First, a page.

Chancellor Osborne is making swift changes to many benefit and welfare programs, not the least of which is the Winter Fuel Payment (WFP). Its clear that moving to a warmer country might make some sense to pensioners trying to keep warm, but with news that pensioners will have to give up their fuel payment to do that now, many may be having second thoughts. The WFP has defined a core target demographic: pensioners. However the mood for many programs aimed to help pensioners is now less generous. Benefits are being attacked as being unfair to the young who must shoulder a greater share of austerity measures than their elders. For that reason, there are changes coming up which may affect the fuel payments and more in the UK economy, starting with those pensioners who have moved abroad.
Testing and redefining eligibility
The â€œtemperature testâ€ for expatriates moving to warmer climates is just one change affecting the Winter Fuel Payment. Chancellor Osborne has made it clear that the program will be revised as necessary either eliminating it or increasing payments. Since the mood is likely to remain financially-gloomy, it is more likely that more restrictions will be put on payments, rather than less. One possible change could be a set age limit that makes the payment only eligible to those who are 70 or older. This will still help the core group of pensioners who are at risk the most from cold weather (75 and older). Right now, you only need to be a qualifying pensioner born on or before 5 July 1952. This would make the age limit 60, not 70. However, a quick dash of the pen and the rules can be changed overnight.
Could the payment be eliminated?
There is already some debate about eliminating the WFP for wealthier pensioners. Plans are being made to remove the payment for the top 5 per cent of wealthiest pensioners. Thats about 600,000 UK pensioners who may have their payments eliminated. Whether that actually happens depends on future decisions, but the call has already been made to eliminate the payments for at least the wealthiest pensioners. However, this has not happened so far, and may or may not happen in the future. If it does happen, it wont be as traumatic for the wealthier households than if the payments are eliminated for the middle- and low-income households instead. With more attention being paid to how much money is being spent on pensioners, its likely that some more changes will be made to the winter payments as well as other schemes, even if theyre not eliminated altogether.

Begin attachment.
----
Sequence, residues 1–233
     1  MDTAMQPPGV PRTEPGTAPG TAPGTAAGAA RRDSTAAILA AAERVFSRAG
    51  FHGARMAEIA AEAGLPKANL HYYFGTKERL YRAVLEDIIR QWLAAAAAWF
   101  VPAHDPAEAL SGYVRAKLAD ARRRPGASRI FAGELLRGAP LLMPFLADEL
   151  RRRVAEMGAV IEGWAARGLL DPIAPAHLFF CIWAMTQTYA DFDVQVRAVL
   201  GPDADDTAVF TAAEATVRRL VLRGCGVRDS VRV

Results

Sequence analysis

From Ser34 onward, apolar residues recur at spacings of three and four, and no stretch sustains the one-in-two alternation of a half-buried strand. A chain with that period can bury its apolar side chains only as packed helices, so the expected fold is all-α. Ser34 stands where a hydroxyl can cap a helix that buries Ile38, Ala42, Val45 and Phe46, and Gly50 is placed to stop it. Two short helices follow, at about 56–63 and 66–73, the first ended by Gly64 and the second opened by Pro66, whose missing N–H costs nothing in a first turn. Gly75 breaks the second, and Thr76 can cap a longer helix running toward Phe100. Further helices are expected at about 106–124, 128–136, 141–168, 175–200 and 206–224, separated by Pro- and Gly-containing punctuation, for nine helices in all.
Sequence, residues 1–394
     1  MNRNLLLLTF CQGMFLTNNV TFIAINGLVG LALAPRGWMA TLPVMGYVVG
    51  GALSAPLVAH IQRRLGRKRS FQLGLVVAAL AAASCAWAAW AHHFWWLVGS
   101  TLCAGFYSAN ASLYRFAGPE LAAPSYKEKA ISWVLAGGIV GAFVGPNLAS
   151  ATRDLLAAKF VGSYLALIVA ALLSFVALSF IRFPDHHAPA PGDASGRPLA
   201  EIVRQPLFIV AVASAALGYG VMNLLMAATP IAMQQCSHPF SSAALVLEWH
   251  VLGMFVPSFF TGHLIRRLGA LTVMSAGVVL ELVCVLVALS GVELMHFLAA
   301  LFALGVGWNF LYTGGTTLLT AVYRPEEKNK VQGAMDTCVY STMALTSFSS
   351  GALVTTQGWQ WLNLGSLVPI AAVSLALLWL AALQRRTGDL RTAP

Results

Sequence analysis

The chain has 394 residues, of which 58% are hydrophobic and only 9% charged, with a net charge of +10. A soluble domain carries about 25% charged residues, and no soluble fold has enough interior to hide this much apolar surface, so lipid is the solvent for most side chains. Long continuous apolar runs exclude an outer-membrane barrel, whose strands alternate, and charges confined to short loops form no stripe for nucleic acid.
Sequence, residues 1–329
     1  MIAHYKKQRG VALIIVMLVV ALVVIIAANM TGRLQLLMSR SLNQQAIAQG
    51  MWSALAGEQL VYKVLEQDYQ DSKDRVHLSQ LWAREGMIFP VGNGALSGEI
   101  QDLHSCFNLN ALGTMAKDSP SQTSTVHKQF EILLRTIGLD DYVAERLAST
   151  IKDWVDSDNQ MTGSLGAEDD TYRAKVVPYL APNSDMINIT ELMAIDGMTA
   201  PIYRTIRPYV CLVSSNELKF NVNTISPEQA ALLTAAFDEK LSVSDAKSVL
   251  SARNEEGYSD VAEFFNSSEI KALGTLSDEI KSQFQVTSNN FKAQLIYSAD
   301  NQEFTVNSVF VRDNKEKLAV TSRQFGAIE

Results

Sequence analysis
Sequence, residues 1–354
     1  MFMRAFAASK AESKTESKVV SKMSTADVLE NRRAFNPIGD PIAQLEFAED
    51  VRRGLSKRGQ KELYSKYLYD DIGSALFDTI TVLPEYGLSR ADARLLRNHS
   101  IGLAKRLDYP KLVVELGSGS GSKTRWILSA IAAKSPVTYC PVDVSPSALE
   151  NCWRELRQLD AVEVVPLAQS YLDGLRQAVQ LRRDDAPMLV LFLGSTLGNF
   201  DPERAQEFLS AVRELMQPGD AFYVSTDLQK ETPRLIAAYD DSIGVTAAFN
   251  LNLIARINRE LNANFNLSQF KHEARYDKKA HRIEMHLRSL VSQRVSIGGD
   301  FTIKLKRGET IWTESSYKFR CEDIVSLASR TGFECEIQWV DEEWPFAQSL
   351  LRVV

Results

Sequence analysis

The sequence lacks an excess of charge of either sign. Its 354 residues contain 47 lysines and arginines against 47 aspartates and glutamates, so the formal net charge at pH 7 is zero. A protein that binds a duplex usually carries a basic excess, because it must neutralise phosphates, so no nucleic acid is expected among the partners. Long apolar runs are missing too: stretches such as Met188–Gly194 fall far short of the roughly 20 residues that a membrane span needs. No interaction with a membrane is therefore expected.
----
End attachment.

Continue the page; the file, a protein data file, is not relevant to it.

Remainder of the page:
Prepare for more cuts
The fuel payment is a cash payment that can be used at the recipients discretion. It is estimated only 41 per cent of it actually goes towards paying a fuel bill. Other types of strategies to help residents of the UK deal with more permanent solutions like reducing energy needs and making homes more energy efficient. While those strategies may cost more upfront, they yield savings every year afterwards. Thats why they may be of more importance to pensioners trying to get a handle on energy costs. By taking advantage of the other programs offered under the Green Deal, while theyre still available, a UK resident can upgrade energy appliances and modernize a home to make it less draughty. This can keep fuel bill costs down every year, not just the year they are implemented. In that respect, pensioners should probably seek to make as many beneficial changes to their energy consumption and realize that the winter payment may be getting ready to be phased out.
With the expansion of possible claims due to a recent court ruling including those who left the UK years ago (not just once they turned 60) to be eligible for the WFP, it leaves an enormous liability for the new government to fulfil. The temperature test may have eliminated some of those future claims, but it may be a payment that is due to come to the end of its life cycle as more and more claimants crowd the system. Citing the unsustainable nature of the payments, Chancellor Osborne has already opted to make significant changes. It is more than likely he will continue to do so to keep the government from spending too much on new claims it can no longer support.
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